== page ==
My first note regards my current status as an alumnus. While a student, I had access to many resources, many interesting people and many facilities. As an alumnus, a get close to zero from Cambridge. As I mentioned in a previous post, we don’t even get an email account that clearly identifies us as Cambridge alumni. Unlike most top B-Schools we don’t get an email account like or something equivalent. Instead we get a very basic and poor account with the domain, which let’s be honest, few people know what it stands for. This is a very simple thing that has not been solved yet.

More importantly, there is no connection amongst the alumni community. Most top B-Schools have bill boards or some kind of forum where alumni can share thoughts with other alumni, share employment opportunities and simply find business partners. Cambridge does not have any of that, which I find almost shocking. A great deal of going through business school has to do with the powerful network you’ll belong to once you’re done with your MBA. Unfortunately, this doesn’t happen in Cambridge. All there is at the moment is a newsletter, a few pub nights available for the London alumni and a few series of speakers, usually also in London.

Even job opportunities are rarely shared with alumni, except for the odd job that the careers team decided to send out, which happens once or twice a year.
I guess this reflects the young age of the Cambridge MBA. However, ii believe the creation of a strong and well connected network is paramount for any MBA.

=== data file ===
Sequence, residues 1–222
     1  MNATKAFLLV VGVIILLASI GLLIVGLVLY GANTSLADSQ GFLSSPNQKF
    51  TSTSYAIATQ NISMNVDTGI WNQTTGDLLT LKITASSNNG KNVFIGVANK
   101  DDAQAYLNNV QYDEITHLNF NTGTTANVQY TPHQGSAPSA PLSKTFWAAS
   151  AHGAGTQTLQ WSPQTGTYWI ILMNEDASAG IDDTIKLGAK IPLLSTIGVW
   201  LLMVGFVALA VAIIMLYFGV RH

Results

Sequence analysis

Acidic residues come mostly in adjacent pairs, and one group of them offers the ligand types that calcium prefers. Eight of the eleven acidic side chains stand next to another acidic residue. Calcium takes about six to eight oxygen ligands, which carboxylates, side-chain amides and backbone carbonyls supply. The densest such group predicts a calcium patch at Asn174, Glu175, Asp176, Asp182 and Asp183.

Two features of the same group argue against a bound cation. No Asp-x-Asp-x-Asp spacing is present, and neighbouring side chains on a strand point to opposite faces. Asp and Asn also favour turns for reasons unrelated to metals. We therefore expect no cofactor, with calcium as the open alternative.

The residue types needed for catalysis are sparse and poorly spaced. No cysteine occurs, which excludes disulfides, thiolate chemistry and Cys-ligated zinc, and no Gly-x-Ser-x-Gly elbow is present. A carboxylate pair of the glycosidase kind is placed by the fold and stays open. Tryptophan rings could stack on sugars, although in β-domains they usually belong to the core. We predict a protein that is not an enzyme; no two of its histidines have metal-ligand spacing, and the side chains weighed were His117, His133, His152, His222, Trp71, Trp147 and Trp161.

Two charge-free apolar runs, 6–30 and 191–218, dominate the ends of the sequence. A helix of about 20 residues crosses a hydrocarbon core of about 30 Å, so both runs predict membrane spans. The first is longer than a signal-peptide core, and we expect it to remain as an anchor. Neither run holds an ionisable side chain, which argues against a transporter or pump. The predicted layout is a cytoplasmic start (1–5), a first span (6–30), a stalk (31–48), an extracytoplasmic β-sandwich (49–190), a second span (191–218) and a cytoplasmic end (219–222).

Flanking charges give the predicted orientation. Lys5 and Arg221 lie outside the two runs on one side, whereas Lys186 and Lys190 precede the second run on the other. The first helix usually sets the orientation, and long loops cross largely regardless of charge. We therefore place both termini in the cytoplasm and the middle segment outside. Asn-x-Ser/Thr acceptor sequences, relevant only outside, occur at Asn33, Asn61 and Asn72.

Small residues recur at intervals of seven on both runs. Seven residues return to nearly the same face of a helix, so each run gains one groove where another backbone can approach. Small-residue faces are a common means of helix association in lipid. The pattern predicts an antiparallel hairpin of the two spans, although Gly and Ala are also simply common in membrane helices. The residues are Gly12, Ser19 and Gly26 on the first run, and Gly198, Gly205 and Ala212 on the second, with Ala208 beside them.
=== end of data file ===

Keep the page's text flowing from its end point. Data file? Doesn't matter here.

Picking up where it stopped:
Instead, what we have seen so far in the past few years is an increase in numbers of each yearly intake of students and not so much emphasis on the alumni network.

Sunday, January 10, 2010

Show me the money!

Doing an MBA is expensive and represents a big investment for most people. Not surprisingly, knowing the payback time of such an investment can be of the utmost importance. Although I already posted something about the payback time, I really didn’t elaborate too much on salaries. Yes, I know, shame on me!

The post-MBA salary is very important to understand whether this is a worthwhile investment and I get many questions on this, so it’s about time I write something about it!

If you look at the career outcome stats posted on the MBA website, you’ll see that the average salary is around £55.000. After taking the Management Science course, you’ll surely understand any average hides a lot of information, so what does this really mean and what is reasonable to expect after graduation?

Salaries after graduation will vary a lot and so will the type of packages offered. It depends mostly on industry and location. I would say the two areas paying the most are consulting and banking. In these areas, it’s possible to get offers that go from £55.000 up to £90.000, depending on the consultancy name. Top consulting companies tend to reward their employees well, but only a few students will end up landing those top jobs and in most cases you’ll end up giving up your personal and family life.

The industry pays slightly less, but again, it’s highly variable. But these are the ones around the £55.000 mark. Some slightly above, others slightly below. In some well-known companies salaries can be very competitive and be almost at the level of consulting and banking. Usually not-for-profit is around £45.000 to £60.000, depending on the role.

Of course there are other things to have into account when choosing a job, such as sign-on bonus (a common practice in the UK…really makes me feel like a football player!), performance bonuses and other perks.

In terms of region, I’m still under the impression the UK has the highest salaries, following by Germany and the US.

All and all, this means if you land the average package, you should be able to pay your MBA in around 2 years, especially if you get a nice sign-on and annual bonus.